These sections discuss different strategies you can use to take notes efficiently. No matter which system you choose, keep the note-taking guidelines in mind.

General Note-Taking Guidelines

Organizing Ideas in Your Notes

A good note-taking system needs to help you differentiate among major points, related subtopics, and supporting details. It visually represents the connections between ideas. Finally, to be effective, your note-taking system must allow you to record and organize information fairly quickly. Although some students like to create detailed, formal outlines or concept maps when they read, these may not be good strategies for class notes, because spoken lectures may not allow time for elaborate notes.

Instead, focus on recording content simply and quickly to create organized, legible notes. Try one of the following techniques.

Modified Outline Format

A modified outline format uses indented spacing to show the hierarchy of ideas without including roman numerals, lettering, and so forth. Just use a dash or bullet to signify each new point unless your instructor specifically presents a numbered list of items.

The first example shows Crystal’s notes from a developmental psychology class about an important theorist in this field. Notice how the line for the main topic is all the way to the left. Subtopics are indented, and supporting details are indented one level further. Crystal also used abbreviations for terms like development and example .

Child Development-10th Century Theorists. Jean Piaget was a Swiss psychologist and very influential in education. He first developed theories in the 1920s and 1930s. 4 major stages of cognitive development are sensorimotor (0-2), preoperational (2-7), concrete operations (7-12) and formal operations (12-adulthood)

Idea Mapping

If you discovered in this section that you learn best with visual presentations, you may prefer to use a more graphic format for notes, such as an idea map. The next example shows how Crystal’s lecture notes could be set up differently. Although the format is different, the content and organization are the same.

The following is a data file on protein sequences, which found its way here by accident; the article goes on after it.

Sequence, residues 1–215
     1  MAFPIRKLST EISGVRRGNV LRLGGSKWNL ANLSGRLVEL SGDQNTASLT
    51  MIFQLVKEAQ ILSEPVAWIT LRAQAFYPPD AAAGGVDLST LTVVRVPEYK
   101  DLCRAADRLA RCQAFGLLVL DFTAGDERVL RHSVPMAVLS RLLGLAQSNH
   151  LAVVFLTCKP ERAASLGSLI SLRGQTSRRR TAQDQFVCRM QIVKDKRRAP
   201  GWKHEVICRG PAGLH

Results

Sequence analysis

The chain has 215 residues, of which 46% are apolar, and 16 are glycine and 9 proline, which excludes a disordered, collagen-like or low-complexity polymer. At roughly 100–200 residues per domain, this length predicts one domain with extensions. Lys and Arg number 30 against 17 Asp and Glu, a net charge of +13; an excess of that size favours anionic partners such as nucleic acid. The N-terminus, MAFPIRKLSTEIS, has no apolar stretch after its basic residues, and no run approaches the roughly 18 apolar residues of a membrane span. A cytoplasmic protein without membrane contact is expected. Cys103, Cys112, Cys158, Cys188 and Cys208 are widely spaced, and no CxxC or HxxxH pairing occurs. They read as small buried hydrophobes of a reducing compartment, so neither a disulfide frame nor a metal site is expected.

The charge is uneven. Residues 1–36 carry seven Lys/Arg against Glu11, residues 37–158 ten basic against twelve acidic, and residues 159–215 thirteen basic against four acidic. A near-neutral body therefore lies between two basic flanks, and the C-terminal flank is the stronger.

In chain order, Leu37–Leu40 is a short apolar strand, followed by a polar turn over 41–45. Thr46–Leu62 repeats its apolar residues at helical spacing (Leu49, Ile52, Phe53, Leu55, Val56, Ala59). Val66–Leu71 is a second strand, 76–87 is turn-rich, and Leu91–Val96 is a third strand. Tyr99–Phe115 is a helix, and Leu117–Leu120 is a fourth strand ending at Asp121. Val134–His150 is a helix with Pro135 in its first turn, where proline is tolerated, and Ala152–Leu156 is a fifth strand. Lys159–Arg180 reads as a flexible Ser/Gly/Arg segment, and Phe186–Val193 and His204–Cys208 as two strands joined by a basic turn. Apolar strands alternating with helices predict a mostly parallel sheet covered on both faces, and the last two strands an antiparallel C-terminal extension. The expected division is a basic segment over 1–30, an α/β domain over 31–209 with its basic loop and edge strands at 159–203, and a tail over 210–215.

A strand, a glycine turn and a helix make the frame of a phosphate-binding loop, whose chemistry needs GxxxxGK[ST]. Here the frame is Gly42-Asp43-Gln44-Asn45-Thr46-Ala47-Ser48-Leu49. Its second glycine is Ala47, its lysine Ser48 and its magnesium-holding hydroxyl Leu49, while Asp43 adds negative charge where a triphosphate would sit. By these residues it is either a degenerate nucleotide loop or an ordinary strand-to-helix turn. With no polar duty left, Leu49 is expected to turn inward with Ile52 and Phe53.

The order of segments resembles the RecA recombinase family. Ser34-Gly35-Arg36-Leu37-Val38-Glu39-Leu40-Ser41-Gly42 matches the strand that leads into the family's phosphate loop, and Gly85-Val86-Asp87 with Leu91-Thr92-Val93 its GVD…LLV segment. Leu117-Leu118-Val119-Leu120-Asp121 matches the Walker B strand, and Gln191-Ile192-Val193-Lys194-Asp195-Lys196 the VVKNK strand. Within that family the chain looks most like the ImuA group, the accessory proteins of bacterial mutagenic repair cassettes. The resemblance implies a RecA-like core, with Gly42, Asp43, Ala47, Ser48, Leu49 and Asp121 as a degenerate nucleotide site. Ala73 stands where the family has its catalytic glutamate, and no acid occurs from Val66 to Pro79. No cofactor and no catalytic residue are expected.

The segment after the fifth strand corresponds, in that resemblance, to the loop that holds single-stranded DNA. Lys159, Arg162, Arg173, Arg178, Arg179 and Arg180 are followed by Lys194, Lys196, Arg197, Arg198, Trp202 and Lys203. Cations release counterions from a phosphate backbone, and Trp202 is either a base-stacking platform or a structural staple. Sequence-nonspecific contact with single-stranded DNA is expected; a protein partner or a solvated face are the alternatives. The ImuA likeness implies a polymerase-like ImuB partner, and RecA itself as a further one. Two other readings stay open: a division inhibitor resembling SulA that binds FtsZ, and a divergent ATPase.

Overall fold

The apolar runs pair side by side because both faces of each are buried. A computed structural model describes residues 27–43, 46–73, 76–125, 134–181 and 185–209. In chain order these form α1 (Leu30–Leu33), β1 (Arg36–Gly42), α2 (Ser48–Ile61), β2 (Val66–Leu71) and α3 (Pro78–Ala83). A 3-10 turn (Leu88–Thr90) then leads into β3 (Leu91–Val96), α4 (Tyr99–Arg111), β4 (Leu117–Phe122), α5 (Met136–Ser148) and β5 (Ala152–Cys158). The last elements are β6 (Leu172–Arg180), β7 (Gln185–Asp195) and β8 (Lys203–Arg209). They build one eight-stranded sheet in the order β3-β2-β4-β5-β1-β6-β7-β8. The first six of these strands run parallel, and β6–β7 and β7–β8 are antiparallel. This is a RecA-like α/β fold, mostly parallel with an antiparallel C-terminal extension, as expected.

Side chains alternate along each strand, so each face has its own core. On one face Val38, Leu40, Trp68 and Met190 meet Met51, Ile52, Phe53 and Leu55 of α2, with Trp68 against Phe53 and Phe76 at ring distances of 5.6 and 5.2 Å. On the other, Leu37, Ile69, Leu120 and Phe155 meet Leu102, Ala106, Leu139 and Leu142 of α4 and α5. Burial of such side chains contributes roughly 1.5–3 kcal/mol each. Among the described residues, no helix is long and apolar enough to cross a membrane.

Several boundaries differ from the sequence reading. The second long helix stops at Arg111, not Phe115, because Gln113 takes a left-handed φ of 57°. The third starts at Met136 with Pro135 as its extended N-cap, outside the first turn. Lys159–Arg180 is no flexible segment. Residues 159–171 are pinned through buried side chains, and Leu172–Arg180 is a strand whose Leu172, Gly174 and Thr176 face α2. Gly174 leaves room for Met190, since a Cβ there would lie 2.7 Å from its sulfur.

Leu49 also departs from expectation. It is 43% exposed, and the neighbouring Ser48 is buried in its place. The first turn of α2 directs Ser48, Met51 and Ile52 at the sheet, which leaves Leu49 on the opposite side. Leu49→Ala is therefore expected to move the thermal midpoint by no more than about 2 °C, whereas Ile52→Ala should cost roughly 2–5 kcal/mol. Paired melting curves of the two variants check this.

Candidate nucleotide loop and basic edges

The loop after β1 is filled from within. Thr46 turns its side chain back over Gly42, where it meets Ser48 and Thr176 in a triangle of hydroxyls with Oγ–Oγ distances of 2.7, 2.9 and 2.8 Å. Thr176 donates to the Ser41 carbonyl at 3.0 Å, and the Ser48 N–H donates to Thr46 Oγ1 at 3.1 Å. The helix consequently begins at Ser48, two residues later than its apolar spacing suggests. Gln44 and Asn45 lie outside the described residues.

Child Development--20th Century Theorists

If the content of a lecture falls into a predictable, well-organized pattern, you might choose to use a chart or table to record your notes. This system works best when you already know, either before class or at the beginning of class, which categories you should include. The next figure shows how this system might be used.

The Cornell Note-Taking System

In addition to the general techniques already described, you might find it useful to practice a specific strategy known as the Cornell note-taking system. This popular format makes it easy not only to organize information clearly but also to note key terms and summarize content.

To use the Cornell system, begin by setting up the page with these components:

During the lecture, you record notes in the wide column. You can do so using the traditional modified outline format or a more visual format if you prefer.

Then, as soon as possible after the lecture, review your notes and identify key terms. Jot these down in the narrow left-hand column. You can use this column as a study aid by covering the notes on the right-hand side, reviewing the key terms, and trying to recall as much as you can about them so that you can mentally restate the main points of the lecture. Uncover the notes on the right to check your understanding. Finally, use the space at the bottom of the page to summarize each page of notes in a few sentences.

Using the Cornell system, Crystal’s notes would look like the following:

Using the Cornell system, Crystal's notes would look like the following:

Often, at school or in the workplace, a speaker will provide you with pregenerated notes summarizing electronic presentation slides. You may be tempted not to take notes at all because much of the content is already summarized for you. However, it is a good idea to jot down at least a few notes. Doing so keeps you focused during the presentation, allows you to record details you might otherwise forget, and gives you the opportunity to jot down questions or reflections to personalize the content.

Over the next few weeks, establish a note-taking system that works for you.

Key Takeaways

Writing for Success by University of Minnesota is licensed under a Creative Commons Attribution-NonCommercial-ShareAlike 4.0 International License , except where otherwise noted.

10 Important Essay Writing Skills You Need to Know

You’ve probably heard the phrase, “Practice makes perfect.” And you know that this applies to almost anything you do in life: sports, music, debate, public speaking, dungeon master, whatever. Essay writing skills are just the same. You must practice to get better.